Repair & maintenance: concrete

Cracks in Crystal

20 September 2011

Progress Energy has a $1 billion plan to restore the Crystal River 3 containment to its original design basis. By Will Dalrymple

To tackle a second episode of containment concrete cracking in as many years, Progress Energy has decided to completely remove and replace concrete and steel reinforcing bars in most of the walls of the containment building of the Crystal River 3 station in Florida that it operates. It anticipates the repairs alone will cost between $900 million-$1.3 billion.

Crystal River 3 shut down for a steam generator replacement outage in September 2009. At the time, contractors cut a 25-foot by 27-foot square hole in the side of the 185 foot-high, 137-foot diameter cylindrical containment building, above the equipment hatch (bay 3-4). The entire containment building that houses the 890 MWe B&W PWR is made up of six recessed bays, crisscrossed with 94 sets (of three) tendons horizontally and 144 tendons vertically. The tendon hoops are tensioned and detensioned from concrete buttresses that stand in between, and about two feet proud of the bays.

To cut the hole, contractors used water-blasting to remove the concrete in the 42-inch thick wall. The 5-inch thick horizontal and vertical tendons were removed by pulling them out of their sleeves. A grid of rebar buried 10 inches in the concrete from the exterior, tendon guide tubes, and the 3/8-inch thick containment plate, were cut with arc flame cutting tools. It was during this work that staff found the thick crack that ran up between the guide tubes.

Infrared and core bore surveys into the containment wall determined that the concrete separation, or delamination, was in the shape of a fat figure eight over nearly the entire bay centred around the steam generator replacement hole. Other bays and the dome were found to be unaffected. The engineering investigation involved contractors Performance Improvement International, MPR Associates, Areva, Worley Parsons, Wiss Janney Elstner Associates and Construction Technology Laboratories, as well as Progress Energy’s own staff and industry peers. The investigation evaluated some 75 failure modes and generated a complex 3D computer model of the containment. It determined that the number and order of de-tensioned tendons resulted in redistribution of stresses in the containment wall that exceeded tensile capacity, initiating the delamination. Removal of concrete increased the stress in the remaining concrete, contributing to the final extent of delamination.

After evaluating several alternatives, Progress Energy eventually chose to remove the concrete and replace it, in five phases: crack arrest, de-tensioning, concrete removal, concrete placement, re-tensioning and testing. The project took place from June to November 2010.

But, as the containment was being retensioned in March 2011, acoustic monitors and strain gauges indicated a second delamination in the adjacent wall, bay 5-6. Although the repaired section was not affected by the crack, the crack appears to have been initiated by the same root cause. According to the Nuclear Regulatory Commission, the delamination affected a large area of the bay.

After this, Progress Energy began work to determine whether to repair or retire Crystal River 3 on technical and economic grounds. It commissioned an internal analysis and a study from Bechtel. These were both reviewed by three independent panels (licensing, technical and constructability), which had been set up to review the documents and suggest the best repair option out of four. All three committees chose the same solution: to repeat the previous repair in the remaining five bays. SGT, the contractor who performed the first delamination repair, reviewed the solution from a high-level construction point of view. In a conference call with analysts in late June, Jeff Lyash, Progress Energy executive vice president, energy supply, said that this particular strategy had the benefits of being the least challenging technically, having the highest probability of success, drawing on standard and well-proven construction materials and processes, and having the highest chance for licensing approval.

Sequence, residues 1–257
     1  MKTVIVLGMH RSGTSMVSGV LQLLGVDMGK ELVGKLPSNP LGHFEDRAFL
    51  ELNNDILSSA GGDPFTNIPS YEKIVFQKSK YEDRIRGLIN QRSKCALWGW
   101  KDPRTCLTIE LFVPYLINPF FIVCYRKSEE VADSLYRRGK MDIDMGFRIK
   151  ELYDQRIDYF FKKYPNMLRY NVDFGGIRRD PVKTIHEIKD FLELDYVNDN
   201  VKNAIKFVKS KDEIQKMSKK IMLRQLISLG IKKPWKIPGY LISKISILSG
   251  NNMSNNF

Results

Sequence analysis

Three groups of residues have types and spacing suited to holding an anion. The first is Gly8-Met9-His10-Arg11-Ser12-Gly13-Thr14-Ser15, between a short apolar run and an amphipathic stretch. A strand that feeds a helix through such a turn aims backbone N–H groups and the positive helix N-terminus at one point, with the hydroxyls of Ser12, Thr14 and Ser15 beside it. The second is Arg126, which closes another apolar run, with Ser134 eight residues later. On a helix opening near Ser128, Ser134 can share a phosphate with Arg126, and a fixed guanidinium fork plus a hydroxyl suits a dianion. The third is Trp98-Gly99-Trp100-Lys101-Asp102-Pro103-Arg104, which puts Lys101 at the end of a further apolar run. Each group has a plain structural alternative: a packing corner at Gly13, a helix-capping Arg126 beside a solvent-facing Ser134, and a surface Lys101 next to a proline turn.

Then Progress Energy compared this potential solution against a case of decommissioning (based on a report prepared by consultants TLG Services) and replacement with building a new combined-cycle gas turbine power plant. In the analyst call, Vincent Dolan, Progress Energy president and CEO, said that the repair decision would offer customers ‘billions of dollars in benefits’. He did not elaborate on how that calculation was made.

As of 31 May, Progress Energy had spent $214 million on repairs. It filed a status update with the Florida Public Service Commission on 27 June. Progress Energy is now preparing the plant for long-term lay-up. Detailed engineering design has begun, and preparations are beginning to put the project out to tender. No significant construction work is expected on site until 2012; the work is expected to be completed in 2014.

Progress Energy owns a majority of the station, with many municipal authorities each owning a small stake. US utility Duke Energy announced plans to acquire Progress Energy in January 2011. The plant’s original 40-year operating licence expires in 2016. In 2008, Progress Energy filed for a 20-year licence extension. “Essentially we are through that process, with the exception of containment,” a Progress Energy official said in the June conference call, adding that once the detailed design for the repair plan is complete, then it will proceed with the containment part of the application.

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